DALY CITY -- Shawn Richard testified in 2004 on behalf of a bill by Jackie Speier, then a state senator representing the Peninsula, to put a halt to gun shows at the Cow Palace.
Nearly a decade later, the executive director of Brothers Against Guns stood outside the hulking exposition center in support of the latest effort to end the shows, which have eluded several legislative attempts to stop them.
State Sen. Mark Leno on Friday introduced a bill that would require the San Francisco and San Mateo County boards of supervisors to pass resolutions in favor of holding gun shows at the Cow Palace, which is owned by the state, in order for them to continue. Three previous attempts to ban the events outright -- one by Speier and two by Leno -- failed to clear the Legislature or were vetoed.
Flanked by about 20 local residents at a news conference, Leno said the bill was not prompted by the December massacre at Sandy Hook Elementary School in Connecticut. But that and other recent mass shootings have renewed interest in gun control, he said, which could help SB 475 succeed where earlier endeavors failed.
"Certainly there is a refocusing, both in Washington and in state capitals across the country, subsequent to Newtown," Leno said. "And I think that's to the benefit of those who support ending the proliferation of firearms."
Crossroads of the West Gun Shows take place several times a year inside the Cow Palace, a faded venue that in
Cow Palace CEO Joe Barkett said the venue has hosted the gun shows for many years and never heard about any such problems from area law enforcement.
"Believe me, if they thought that was happening, we would hear about it," Barkett said. "And we would take it very seriously."
Barkett said he is sensitive to the issue of gun violence but feels the Cow Palace is being singled out as a political target. The shows are professionally managed, he said, and monitored by police. Those who purchase guns at Cow Palace events must clear background checks.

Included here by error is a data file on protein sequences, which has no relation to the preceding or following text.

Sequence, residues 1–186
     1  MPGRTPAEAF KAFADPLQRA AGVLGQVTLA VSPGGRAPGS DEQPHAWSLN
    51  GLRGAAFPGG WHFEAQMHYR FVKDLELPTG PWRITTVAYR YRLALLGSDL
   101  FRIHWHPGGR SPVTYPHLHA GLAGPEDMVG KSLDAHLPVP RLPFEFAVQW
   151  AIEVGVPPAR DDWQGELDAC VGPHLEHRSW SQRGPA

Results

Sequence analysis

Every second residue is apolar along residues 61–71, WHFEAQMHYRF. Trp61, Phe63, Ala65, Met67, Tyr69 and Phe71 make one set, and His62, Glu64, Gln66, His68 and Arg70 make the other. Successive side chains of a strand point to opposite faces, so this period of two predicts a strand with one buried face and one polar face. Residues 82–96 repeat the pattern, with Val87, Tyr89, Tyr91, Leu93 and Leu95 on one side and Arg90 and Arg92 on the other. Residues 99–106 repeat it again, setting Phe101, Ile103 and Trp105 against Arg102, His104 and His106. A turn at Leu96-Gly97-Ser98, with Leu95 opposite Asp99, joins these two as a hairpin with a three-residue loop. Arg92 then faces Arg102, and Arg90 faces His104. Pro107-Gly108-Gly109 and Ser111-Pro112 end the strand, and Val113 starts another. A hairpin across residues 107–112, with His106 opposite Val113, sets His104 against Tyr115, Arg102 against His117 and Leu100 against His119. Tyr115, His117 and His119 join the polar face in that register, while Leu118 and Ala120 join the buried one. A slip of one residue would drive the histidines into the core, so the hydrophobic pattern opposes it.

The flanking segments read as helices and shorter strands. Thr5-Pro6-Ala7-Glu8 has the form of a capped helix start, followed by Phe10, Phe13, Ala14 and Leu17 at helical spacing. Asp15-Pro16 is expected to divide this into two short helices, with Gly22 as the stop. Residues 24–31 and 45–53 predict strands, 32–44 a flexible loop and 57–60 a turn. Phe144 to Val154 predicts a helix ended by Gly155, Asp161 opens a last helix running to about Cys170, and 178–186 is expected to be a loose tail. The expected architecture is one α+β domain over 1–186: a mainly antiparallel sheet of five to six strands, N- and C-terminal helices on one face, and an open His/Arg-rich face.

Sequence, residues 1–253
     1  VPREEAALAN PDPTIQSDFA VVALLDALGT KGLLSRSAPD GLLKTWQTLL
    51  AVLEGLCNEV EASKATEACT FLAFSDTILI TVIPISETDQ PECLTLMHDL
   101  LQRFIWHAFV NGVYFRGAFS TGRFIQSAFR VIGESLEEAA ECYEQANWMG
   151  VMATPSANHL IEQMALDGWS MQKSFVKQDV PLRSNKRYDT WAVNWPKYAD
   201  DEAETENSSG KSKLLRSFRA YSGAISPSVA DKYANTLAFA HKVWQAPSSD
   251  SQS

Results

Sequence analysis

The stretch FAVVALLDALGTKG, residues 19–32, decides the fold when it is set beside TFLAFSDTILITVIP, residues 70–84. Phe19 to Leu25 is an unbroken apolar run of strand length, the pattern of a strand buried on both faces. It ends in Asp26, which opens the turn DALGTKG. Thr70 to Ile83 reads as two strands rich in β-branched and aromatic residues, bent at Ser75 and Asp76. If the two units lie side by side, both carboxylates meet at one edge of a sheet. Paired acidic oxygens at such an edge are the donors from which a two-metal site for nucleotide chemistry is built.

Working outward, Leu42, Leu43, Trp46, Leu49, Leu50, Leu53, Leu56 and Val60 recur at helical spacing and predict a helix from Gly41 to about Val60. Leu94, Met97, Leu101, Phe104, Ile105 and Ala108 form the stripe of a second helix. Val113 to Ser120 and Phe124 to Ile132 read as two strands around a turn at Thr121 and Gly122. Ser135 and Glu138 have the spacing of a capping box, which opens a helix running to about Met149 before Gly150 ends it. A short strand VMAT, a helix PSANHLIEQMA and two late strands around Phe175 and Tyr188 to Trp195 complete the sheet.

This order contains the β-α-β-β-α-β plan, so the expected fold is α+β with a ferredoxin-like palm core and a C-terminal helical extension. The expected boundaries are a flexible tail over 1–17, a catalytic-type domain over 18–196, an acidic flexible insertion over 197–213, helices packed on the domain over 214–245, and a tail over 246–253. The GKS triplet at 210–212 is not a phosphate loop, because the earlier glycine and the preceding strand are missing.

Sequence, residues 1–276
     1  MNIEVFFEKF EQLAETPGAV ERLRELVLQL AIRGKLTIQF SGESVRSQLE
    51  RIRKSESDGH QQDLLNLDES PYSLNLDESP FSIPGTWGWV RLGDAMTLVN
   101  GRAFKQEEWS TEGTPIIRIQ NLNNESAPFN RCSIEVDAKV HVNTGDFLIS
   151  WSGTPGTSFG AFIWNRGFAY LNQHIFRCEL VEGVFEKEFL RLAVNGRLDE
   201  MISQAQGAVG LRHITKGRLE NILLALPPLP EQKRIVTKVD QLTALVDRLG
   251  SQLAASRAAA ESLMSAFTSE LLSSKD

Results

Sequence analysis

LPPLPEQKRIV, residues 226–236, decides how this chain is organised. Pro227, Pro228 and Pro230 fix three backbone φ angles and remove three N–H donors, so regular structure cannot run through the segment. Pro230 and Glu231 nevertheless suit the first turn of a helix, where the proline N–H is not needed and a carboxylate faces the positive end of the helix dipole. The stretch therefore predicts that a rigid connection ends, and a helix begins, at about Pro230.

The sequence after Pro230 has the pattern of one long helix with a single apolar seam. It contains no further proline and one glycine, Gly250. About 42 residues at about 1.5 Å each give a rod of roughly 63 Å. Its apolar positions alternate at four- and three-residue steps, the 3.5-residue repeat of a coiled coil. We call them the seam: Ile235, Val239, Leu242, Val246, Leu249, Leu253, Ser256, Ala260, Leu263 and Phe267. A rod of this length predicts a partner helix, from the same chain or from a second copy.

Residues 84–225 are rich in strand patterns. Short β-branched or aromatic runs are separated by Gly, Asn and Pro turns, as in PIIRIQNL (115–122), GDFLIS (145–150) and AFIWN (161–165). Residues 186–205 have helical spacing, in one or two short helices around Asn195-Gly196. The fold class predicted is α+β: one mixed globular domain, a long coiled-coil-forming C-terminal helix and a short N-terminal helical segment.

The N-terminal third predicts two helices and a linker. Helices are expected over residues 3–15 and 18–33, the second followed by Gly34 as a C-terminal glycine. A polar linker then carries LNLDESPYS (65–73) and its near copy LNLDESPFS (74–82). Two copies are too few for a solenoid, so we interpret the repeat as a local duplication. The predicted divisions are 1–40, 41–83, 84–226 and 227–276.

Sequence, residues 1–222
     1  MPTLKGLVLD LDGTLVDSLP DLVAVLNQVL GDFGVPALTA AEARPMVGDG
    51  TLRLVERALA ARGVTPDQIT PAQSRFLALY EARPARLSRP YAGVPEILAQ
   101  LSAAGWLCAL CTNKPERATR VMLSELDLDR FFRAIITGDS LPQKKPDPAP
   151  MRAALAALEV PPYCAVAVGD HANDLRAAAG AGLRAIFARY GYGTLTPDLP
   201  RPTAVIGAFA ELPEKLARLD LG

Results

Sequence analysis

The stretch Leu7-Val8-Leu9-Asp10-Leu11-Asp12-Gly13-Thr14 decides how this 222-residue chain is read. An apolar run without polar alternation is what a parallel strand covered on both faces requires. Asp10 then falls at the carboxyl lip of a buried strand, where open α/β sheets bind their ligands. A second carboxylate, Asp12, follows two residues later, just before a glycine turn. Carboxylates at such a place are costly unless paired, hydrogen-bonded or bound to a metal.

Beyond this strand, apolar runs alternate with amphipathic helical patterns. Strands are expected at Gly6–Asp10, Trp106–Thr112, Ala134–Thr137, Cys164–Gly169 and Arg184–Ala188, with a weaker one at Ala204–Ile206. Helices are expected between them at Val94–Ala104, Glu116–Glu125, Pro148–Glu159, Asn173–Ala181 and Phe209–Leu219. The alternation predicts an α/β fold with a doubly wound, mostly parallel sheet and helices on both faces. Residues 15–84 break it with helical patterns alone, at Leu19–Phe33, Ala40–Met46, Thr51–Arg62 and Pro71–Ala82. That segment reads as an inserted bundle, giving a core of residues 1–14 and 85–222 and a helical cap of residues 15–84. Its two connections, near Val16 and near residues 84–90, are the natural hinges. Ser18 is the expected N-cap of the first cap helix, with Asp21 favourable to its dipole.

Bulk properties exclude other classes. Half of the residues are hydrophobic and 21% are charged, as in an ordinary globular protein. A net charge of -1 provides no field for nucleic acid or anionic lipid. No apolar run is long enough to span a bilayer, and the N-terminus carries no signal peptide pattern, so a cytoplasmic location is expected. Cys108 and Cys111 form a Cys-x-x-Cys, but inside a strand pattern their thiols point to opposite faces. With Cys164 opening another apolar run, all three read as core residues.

"It's misguided public policy to think that banning gun shows at the Cow Palace is addressing a very serious problem," he said.
But critics say it is offensive to hold the Bay Area's most prominent gun show in the vicinity of poor and working-class neighborhoods, including Bayview-Hunters Point in San Francisco, that are plagued by gun violence. San Francisco District Attorney George Gascon said Friday there have been 75 gun-related crimes in the past six months within 2 miles of the Cow Palace.
San Mateo County Supervisor Adrienne Tissier said she would be inclined to vote in favor of a resolution against the gun shows, if only for symbolic reasons.
"Here we are trying to fight gun violence in our communities," Tissier said. "Having gun shows doesn't seem to send a very good message."
Leno and his supporters were unable to point to any instances Friday of crimes involving guns that were traced back to Cow Palace gun shows. But Richard, who has lost two brothers to gun violence, said he has spoken to youths who claim to have obtained Cow Palace guns secondhand. Richard said in those cases people bought the guns, sold them on the black market, and then covered their tracks by reporting them stolen.
Contact Aaron Kinney at 650-348-4357. Follow him at Twitter.com/kinneytimes.